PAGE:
We are frequently approached by health care providers who have received a subpoena demanding patient records for a lawsuit to which the health care provider is not a party. Often times these subpoenas arrive without warning and demand extensive productions on a tight deadline. Although most health care professionals are generally aware of HIPAA’s requirements regarding the disclosure of Protected Health Information (PHI), far fewer are aware of how HIPAA operates in the context of a subpoena.

Under HIPAA, Health Information refers to any information that is created or received by a health care provider, health plan, employer, or health care clearinghouse, that relates to:

  1. the physical health of an individual;
  2. the provision of health care to an individual;
  3. the payment for the provision of health care to an individual.[1]

Subject to certain exceptions, PHI refers to individually identifiable Health Information that has been transmitted or maintained in any form or medium, electronic or otherwise.[2]

Although HIPAA includes numerous restrictions (and exceptions to those restrictions) on the disclosure of PHI, a covered entity may generally only disclose PHI about an individual:

  1. to that individual;
  2. for the provision of healthcare services to that individual; or
  3. pursuant to the authorization of that individual.[3] 

Accordingly, subpoenas for medical records frequently include a HIPAA authorization from the relevant patient permitting the requested disclosure. However, it is important to carefully review the language of the authorization to ensure that it meets the requirements of applicable state and federal law. This review must be done on a case-by-case basis and the analysis may vary based on the specific subject matter of the medical records being requested.

However, we also regularly encounter subpoenas that either do not have an accompanying authorization or involve the production of too many patients’ records to realistically obtain consent from each individual. Under these circumstances, HIPAA specifically outlines when PHI can be used and disclosed without the relevant patient’s authorization or opportunity to agree or object, such as when responding to a non-party subpoena.[4] 

In some cases the subpoena may be served with an order by a court or administrative tribunal. In these circumstances, the subpoenaed party may disclose the PHI without obtaining patient approval.[5] However, the covered entity is only allowed to disclose PHI to the extent they have been expressly authorized to do so by the order. Therefore, it is important to understand the nature and scope of the order authorizing disclosure prior to producing any records.

Unfortunately, in our experience, the non-party subpoena is usually not served with an accompanying order authorizing disclosure. Under these circumstances, HIPAA provides that a covered entity may disclose PHI if:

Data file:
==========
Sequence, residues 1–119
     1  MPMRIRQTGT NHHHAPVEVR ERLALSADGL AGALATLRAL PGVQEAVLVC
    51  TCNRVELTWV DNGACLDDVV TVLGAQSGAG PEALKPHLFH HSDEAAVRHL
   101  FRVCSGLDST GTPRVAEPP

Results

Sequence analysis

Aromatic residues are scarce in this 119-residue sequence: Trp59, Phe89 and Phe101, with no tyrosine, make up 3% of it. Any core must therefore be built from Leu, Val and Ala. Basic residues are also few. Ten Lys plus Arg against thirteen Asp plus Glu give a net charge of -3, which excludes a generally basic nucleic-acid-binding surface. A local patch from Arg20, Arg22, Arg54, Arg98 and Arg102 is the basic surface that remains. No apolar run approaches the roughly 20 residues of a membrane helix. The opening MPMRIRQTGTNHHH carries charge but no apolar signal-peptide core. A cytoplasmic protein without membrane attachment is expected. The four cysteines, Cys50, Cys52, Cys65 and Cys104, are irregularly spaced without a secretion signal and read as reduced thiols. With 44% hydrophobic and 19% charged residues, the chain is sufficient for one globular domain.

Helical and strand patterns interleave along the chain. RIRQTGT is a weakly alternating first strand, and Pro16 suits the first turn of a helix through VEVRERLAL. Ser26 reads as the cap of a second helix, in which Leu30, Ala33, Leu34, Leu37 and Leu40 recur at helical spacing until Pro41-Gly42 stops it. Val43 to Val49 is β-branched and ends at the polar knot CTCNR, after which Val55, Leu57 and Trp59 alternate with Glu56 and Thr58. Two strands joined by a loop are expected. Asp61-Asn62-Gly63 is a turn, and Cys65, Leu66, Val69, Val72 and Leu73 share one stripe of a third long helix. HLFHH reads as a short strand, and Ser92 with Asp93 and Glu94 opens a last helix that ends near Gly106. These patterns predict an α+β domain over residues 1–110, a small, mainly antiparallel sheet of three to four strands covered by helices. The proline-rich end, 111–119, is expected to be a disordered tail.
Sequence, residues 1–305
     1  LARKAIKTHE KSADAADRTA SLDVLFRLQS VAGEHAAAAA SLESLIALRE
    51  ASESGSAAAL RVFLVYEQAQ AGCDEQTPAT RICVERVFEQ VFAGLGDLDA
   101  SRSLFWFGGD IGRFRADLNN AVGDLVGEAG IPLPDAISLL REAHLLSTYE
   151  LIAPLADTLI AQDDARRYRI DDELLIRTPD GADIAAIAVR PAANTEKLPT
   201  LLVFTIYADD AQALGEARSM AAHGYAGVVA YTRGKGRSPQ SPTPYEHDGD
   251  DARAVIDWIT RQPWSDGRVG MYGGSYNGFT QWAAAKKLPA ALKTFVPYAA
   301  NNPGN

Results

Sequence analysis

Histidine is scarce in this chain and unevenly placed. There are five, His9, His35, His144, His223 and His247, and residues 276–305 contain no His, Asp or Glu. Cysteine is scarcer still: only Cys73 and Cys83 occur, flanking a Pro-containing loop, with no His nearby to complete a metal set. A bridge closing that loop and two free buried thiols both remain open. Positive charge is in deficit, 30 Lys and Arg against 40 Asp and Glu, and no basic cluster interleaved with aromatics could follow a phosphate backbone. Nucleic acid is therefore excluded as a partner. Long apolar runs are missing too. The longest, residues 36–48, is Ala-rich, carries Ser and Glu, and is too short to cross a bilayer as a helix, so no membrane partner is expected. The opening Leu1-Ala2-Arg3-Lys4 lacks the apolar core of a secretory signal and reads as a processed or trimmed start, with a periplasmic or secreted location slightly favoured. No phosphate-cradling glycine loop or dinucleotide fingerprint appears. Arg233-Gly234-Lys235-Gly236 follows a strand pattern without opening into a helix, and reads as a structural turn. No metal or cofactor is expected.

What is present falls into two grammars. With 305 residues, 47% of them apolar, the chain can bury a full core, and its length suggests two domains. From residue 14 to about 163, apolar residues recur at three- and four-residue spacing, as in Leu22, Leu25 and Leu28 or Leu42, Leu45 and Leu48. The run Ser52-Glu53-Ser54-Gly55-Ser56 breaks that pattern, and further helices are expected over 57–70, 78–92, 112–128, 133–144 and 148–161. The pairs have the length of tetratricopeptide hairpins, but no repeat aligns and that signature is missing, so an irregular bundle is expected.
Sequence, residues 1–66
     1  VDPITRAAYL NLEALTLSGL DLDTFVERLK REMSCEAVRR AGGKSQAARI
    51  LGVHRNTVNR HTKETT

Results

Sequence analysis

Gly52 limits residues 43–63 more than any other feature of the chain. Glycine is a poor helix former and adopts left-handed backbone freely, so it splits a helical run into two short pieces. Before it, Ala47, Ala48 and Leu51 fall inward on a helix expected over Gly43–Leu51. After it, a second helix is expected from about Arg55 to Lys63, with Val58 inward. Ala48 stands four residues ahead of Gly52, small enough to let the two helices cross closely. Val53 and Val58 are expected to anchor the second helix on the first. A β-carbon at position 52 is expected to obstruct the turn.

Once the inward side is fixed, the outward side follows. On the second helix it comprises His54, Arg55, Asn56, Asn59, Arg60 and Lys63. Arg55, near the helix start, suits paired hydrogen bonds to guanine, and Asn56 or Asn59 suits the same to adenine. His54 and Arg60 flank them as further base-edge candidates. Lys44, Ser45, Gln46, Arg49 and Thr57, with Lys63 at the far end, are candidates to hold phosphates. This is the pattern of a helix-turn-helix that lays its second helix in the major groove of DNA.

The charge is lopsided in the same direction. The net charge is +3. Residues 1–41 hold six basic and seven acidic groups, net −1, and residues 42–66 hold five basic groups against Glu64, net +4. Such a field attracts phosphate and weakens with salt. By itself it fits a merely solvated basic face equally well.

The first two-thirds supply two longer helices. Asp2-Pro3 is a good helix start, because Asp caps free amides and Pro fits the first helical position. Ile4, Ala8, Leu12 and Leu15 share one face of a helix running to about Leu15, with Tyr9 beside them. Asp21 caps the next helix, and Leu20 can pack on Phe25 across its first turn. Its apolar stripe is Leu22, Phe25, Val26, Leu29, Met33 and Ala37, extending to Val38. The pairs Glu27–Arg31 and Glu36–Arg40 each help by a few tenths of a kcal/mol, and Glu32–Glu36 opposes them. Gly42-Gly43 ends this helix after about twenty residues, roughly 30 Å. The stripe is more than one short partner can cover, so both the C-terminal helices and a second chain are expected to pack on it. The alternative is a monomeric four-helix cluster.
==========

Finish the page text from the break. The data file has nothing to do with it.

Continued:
1. the covered entity receives satisfactory assurance from the party issuing the subpoena that reasonable efforts have been made to ensure that the patient whose protected health information has been requested has been given notice of the request; or
  2. the covered entity receives satisfactory assurance from the party issuing the subpoena that reasonable efforts have been made by such party to secure a qualified protective order.[6]  

Under either option, “satisfactory assurance” and “qualified protective order” are defined terms that have specific compliance requirements outlined under HIPAA.[7] Ensuring compliance with these requirements involves the review of various statements and accompanying documentation made by the party requesting the PHI.

There is a third option for complying with HIPAA in the face of a non-party subpoena requesting PHI. Under this alternate method, a covered entity may disclose PHI in response to a subpoena if the covered entity makes “reasonable efforts” to provide sufficient notice to the patient whose records have been requested or by seeking a “qualified protected order.”[8] Like the previous option for HIPAA compliance, both “reasonable efforts” and “qualified protective order” have specific requirements that must be satisfied in order to provide a safe harbor for disclosure of the requested PHI. 

In any event, it is important to understand your options and obligations when either you or your organization has received a subpoena demanding production of PHI. Improper disclosure of PHI can carry significant penalties and expose you or your organization to fines and potential litigation. Reach out to a licensed attorney to learn how to protect yourself or your organization from unintentional missteps.   

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  1. 45 C.F.R. § 160.103.
  2. Id.
  3. 45 C.F.R. § 164.502.
  4. 45 C.F.R. § 164.512.
  5. 45 C.F.R. § 164.512(e)(1)(i).
  6. 45 C.F.R. § 164.512(e)(ii).
  7. Id. [1] 45 C.F.R. § 164.512(e)(1)(vi).